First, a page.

axled trucks. In another Asian study, Hartanto and Sastrowiyoto (1990) showed that, excluding
trucks running empty, overloading was apparent in 77% of heavy 2-axled trucks, 70% of 3-axled
trucks, and 60% of 4-axled trucks. Earlier studies in Africa (e.g. Jones, 1977 and Jones and Gulilat,
1977) have found that up to 70% of commercial vehicles were overloaded. These figures are
confirmed by studies throughout the world.
But it is not just the fact that so many vehicles are overloaded that is important; it is also the
magnitude or degree of overloading which is often very surprising. In one example on a trunk road
in Africa, it was found that overloading was such that the average equivalence factor for
commercial vehicles was more than five times the value that would have been obtained if the
vehicles were loaded to legal limits (Rolt, 1981).
Thus if pavements are to be designed adequately, the importance of accurate knowledge about the
magnitude and frequency of the axle loads being carried on the roads is self-evident. When any
road project is being designed, or appraised at the feasibility stage, it is recommended that a
classified traffic count and an axle load survey of commercial vehicles is undertaken. Ideally such
surveys should be carried out several times during the year to reflect seasonal changes in the
numbers of vehicles and the magnitude of the loads.
Part 1 of this Road Note deals with classified traffic counting and includes guidance on forecasting
future traffic levels and estimating total traffic over the design life of a road. Part 2 is concerned
with axle load surveys and includes information about weighing equipment, the planning of
surveys, site layout, practical advice on actually carrying out surveys and analysing the results. It
also specifically highlights some of the errors that are frequently made in this process. Finally, the
traffic count and axle load information is brought together in a summary of the information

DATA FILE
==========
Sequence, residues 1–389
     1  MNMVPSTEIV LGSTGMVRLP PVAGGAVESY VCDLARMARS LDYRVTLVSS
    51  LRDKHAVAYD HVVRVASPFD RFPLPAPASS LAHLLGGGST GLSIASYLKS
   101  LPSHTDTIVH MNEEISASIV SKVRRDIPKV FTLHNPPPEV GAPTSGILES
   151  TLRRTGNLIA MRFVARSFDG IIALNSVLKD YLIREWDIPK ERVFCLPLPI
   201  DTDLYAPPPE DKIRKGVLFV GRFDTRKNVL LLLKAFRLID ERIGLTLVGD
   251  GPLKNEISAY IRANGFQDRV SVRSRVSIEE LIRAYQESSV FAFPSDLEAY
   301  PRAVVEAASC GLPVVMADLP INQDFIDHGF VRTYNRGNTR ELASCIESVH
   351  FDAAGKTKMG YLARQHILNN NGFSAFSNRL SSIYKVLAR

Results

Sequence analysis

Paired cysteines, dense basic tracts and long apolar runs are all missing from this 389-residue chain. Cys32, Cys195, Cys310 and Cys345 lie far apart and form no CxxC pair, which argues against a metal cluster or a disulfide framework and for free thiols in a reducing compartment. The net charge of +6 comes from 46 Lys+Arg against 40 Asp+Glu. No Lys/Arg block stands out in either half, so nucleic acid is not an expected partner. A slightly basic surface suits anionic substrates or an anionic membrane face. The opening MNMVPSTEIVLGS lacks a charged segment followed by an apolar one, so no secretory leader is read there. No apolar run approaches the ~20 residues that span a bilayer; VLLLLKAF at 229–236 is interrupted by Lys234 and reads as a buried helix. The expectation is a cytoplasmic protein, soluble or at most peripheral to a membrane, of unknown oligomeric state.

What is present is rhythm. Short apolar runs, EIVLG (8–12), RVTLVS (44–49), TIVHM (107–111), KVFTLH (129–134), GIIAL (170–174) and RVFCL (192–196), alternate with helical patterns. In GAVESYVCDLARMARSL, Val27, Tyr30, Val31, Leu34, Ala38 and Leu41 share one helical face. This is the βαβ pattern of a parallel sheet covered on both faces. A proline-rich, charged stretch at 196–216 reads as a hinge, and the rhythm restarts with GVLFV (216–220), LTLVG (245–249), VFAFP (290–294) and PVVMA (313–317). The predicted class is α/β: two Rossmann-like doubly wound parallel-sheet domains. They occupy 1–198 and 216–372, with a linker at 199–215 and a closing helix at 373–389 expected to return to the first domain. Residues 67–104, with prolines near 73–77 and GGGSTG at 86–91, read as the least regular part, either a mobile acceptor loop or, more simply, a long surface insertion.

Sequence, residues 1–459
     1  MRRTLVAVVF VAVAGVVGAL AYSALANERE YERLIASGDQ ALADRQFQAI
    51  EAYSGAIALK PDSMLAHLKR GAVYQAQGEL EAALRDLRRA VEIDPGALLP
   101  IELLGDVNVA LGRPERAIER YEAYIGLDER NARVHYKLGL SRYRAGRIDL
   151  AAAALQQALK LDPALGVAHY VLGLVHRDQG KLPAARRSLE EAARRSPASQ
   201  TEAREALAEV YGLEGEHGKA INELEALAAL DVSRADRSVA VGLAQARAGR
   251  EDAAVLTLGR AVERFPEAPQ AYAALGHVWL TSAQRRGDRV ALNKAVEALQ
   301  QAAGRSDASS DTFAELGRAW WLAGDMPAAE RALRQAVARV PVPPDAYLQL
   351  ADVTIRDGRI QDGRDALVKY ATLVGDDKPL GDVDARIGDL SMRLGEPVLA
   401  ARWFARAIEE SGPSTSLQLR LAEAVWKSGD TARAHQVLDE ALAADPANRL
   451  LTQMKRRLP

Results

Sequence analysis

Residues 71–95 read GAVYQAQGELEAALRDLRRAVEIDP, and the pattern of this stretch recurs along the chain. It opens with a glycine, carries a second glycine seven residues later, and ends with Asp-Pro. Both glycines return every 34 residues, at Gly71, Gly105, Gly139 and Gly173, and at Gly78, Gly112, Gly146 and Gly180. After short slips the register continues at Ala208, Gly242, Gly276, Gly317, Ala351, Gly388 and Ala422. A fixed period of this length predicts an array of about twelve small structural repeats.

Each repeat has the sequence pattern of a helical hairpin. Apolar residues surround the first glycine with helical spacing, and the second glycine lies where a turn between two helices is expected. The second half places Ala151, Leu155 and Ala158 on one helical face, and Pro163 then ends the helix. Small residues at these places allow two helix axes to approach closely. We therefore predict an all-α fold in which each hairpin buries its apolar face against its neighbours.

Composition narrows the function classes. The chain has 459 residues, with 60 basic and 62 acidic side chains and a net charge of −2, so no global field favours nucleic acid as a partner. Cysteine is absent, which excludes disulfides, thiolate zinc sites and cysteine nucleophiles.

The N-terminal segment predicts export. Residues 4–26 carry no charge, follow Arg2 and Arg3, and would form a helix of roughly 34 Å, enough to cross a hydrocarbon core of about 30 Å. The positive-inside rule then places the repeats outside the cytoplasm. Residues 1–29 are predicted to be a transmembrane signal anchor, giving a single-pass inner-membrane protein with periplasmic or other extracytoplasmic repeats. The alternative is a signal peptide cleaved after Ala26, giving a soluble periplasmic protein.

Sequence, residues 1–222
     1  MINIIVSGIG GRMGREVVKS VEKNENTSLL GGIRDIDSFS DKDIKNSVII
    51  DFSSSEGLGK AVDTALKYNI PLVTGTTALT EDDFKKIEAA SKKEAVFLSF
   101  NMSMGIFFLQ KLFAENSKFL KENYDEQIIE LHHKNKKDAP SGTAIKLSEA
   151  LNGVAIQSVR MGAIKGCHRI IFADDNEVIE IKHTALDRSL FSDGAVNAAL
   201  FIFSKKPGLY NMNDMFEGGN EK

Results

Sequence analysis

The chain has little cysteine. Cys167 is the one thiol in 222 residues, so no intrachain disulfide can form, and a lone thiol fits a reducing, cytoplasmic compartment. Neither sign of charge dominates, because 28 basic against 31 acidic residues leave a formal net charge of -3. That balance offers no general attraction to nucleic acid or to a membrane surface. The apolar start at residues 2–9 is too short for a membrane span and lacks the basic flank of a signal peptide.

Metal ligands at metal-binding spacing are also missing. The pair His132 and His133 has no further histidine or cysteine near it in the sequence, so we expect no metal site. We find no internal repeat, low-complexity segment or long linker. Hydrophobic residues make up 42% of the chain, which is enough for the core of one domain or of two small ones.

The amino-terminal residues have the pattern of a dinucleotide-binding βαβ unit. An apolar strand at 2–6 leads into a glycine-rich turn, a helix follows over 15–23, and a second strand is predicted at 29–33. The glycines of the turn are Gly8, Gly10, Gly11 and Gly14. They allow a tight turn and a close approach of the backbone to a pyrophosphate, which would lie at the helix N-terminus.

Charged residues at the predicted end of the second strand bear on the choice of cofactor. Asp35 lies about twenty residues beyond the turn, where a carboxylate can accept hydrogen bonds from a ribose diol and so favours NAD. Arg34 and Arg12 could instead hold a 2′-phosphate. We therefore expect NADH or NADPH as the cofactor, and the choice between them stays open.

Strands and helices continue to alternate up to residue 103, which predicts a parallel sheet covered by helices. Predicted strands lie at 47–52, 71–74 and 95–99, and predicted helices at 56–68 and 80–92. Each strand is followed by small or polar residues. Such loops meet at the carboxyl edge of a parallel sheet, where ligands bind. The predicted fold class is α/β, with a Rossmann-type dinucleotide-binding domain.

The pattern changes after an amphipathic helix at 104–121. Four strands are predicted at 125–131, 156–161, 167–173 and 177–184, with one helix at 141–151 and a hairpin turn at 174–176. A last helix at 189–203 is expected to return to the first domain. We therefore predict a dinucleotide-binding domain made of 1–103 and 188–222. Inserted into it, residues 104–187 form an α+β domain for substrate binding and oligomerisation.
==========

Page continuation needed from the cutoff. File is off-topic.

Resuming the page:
required for pavement design.
The Appendices provide examples of suitable pro-forma designs for the surveys, equipment lists to
ensure that surveys are successful, details of suppliers, and examples of data analysis.

Part 1: Traffic counts

1 Introduction
There are many reasons for collecting traffic data and many different types of information that can
be collected. Types of survey include surveys to determine vehicle speeds, peak hourly traffic flow,
total traffic flow, and traffic flow separated into different vehicle types (called a classified traffic
count). This Road Note is concerned primarily with traffic count data for the purpose of designing a
new pavement or for designing the strengthening or rehabilitation of an existing pavement but the
principles and methods are also applicable for other types of traffic survey.
In order to estimate the total traffic over the design life of the road, the first step is to determine the
current volume and type of traffic travelling on the road. If no reliable current data are available, a
classified traffic count will be necessary. Classified traffic counts are often carried out manually by
teams of observers recording vehicle numbers and types on data sheets. Simple automatic traffic
counters usually record only total traffic flow data and for this purpose they are invaluable.
Automatic counters that can classify vehicles are becoming increasingly available, although
generally considered less accurate than manual classification. This guide deals mainly with manual
Although most of the traffic loading used for structural design purposes arises from buses, medium
goods and heavy goods vehicles, the additional traffic count information for the other types of
vehicles is useful for many other purposes such as for calculating road user costs, for road
classification, for environmental appraisal, and for cost-benefit analysis.
The Annual Average Daily Traffic (AADT or ADT) is the most widely used statistic to indicate the
level of traffic on a road. The ADT can be determined from a classified traffic count and is defined
as the total annual traffic summed for both directions and divided by 365.
For structural design purposes the highest traffic loading in one direction is required
and so care is always required when interpreting ADT figures.